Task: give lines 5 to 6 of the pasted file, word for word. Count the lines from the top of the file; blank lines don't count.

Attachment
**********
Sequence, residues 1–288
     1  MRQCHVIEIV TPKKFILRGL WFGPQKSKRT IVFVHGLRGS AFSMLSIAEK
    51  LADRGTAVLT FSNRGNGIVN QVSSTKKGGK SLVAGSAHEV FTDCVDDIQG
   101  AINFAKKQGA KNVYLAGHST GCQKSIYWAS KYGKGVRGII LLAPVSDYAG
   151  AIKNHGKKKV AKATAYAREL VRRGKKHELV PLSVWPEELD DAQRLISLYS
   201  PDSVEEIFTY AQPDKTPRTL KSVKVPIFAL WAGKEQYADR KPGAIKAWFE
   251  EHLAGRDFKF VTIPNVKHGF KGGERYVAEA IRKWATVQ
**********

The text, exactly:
   151  AIKNHGKKKV AKATAYAREL VRRGKKHELV PLSVWPEELD DAQRLISLYS
   201  PDSVEEIFTY AQPDKTPRTL KSVKVPIFAL WAGKEQYADR KPGAIKAWFE